Rose Garden curator Tom Carruth (far right) and gardeners John Villarreal (center) and Noel Aviña (left) maintain social distancing and wear face masks for added safety while tending the garden during the mandated closure as a result of the COVID-19 pandemic. With some 1,200 varieties of roses coming into full bloom (including the bright yellow floribunda, ‘Sparkle & Shine’), Carruth and his colleagues miss being able to share the beauty of the garden with others. A reopening date has not yet been determined. Photo by Kelly Fernandez.
Almost every garden has some common requirements: healthy soil, sunlight, irrigation, regular maintenance. But there are those who will tell you that a rose garden needs something more: people. No rose gardener wants to spend springtime alone, unable to experience the glories of that first spectacular bloom with friends, family, or even enthusiastic strangers. This spring, however, with The Huntington closed because of the COVID-19 health crisis, the three men who care for the Rose Garden have suddenly found themselves very, very lonely—spending their days in a paradise they're unable to share.
“I really miss sharing the beauty of the garden with our visitors and volunteers,” says Tom Carruth, the E. L. and Ruth B. Shannon Curator of the Rose Collections at The Huntington. Carruth and his two gardeners, John Villarreal and Noel Aviña, have been working alone in the three-acre Rose Garden since the closure of the grounds went into effect in mid-March. Maintaining social distancing even while on the job has compounded their sense of isolation.
A misty morning in the Rose Garden in mid-April, about a month into the closure of the grounds. “It feels very lonely and quiet . . . Kind of melancholy,” says John Villarreal. The 18th-century “Temple of Love,” one of the focal points of the garden, is encircled by ‘Passionate Kisses’ roses. Photo by John Villarreal.
Carruth and his colleagues are usually assisted by a dedicated group of 44 volunteers who help tend the Rose Garden year-round, grooming the 2,700 or so rose shrubs and pruning spent blooms. Fondly known as the Grateful Deadheaders, these volunteers are an integral part of what makes the garden so remarkable. Much to their regret—and Carruth’s—they have all been sidelined during the closure, since only a core group of essential staff are allowed on the grounds. The deadheaders had barely finished the six-week marathon of winter rose pruning when concerns about the novel coronavirus began to escalate. “The social interaction with the volunteers and docents and the strong friendships we’ve all formed is something I really miss,” says Carruth. “They’ve all worked so hard. I know they’re feeling very blue that they can’t be here to see the fruits of their labors.”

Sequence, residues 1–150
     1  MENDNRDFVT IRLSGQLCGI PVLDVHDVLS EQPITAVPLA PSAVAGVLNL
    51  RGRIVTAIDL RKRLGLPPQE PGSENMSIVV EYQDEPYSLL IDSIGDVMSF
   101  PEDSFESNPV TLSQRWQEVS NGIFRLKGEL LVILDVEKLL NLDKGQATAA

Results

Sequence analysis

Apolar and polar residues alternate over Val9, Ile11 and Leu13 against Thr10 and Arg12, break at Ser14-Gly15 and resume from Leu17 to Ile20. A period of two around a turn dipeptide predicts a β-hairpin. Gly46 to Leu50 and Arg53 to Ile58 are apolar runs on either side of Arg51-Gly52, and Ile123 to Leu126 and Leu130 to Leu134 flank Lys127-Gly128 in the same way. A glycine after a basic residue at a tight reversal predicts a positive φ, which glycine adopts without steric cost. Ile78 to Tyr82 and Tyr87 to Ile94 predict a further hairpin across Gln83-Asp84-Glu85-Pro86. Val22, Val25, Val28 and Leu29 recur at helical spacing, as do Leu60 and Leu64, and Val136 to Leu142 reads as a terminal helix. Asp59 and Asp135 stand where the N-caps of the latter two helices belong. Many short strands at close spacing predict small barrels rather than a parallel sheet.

Villarreal is feeling somewhat blue himself. “I’m people-oriented, and I love working with our volunteers. They do a lot of the detail work of ‘polishing’ the Rose Garden. It feels really lonely and quiet without them. Kind of melancholy.” For Villarreal, a typical workday might involve pulling weeds, spreading mulch, or wielding a 200-gallon commercial sprayer of foliage fertilizer. But he has added a new task to his daily routine in recent weeks: snapping photos for social media. He maintains a Facebook page for volunteers so that they can keep an eye on the garden’s progress remotely. Carruth regularly posts photos on his own Twitter and Instagram accounts, as well, highlighting outstanding blooms among the approximately 1,200 different rose varieties planted in the garden—quite a few of which he developed himself during his career as an award-winning hybridizer. A number of these photographs have also been shared with thousands of The Huntington’s Facebook, Twitter, and Instagram followers—a diverse audience of the garden’s fans, many of them sheltering at home themselves, all longing to get a glimpse of the roses.
Plenty of winter rain followed by spring sunshine brought out a burst of color and fragrance. In the southwest corner of the garden, a faux bois planter cascades with pink ‘Flower Girl’ roses inside a double circle of ‘Julia Child’ and ‘Apricot Drift’ blooms. Photo by John Villarreal.
Diana Britt, who has volunteered in the Rose Garden for eight years, admits that it has been hard to sit on the sidelines, watching the garden’s progress on social media as spring works its magic. “It's just not the same as seeing the massing of color in person, listening to the happy bees buzzing around, and smelling the flowers.” Part of what she misses, Britt says, is sharing the excitement of visitors. “When you put so much effort—and blood!—into pruning during the first six to eight weeks of the year, it’s wonderful to see the payoff in a stunning bloom display, not to mention seeing our visitors’ amazement. Many people stop by the docent table to see what blooms we’ve cut for display and to rave about how glorious the garden is, which really makes all the hard work and bloodletting completely worthwhile. Sharing that experience with visitors, answering questions, and helping people figure out how roses might fit into their own gardens is the reason I became a docent after several years of deadheading.”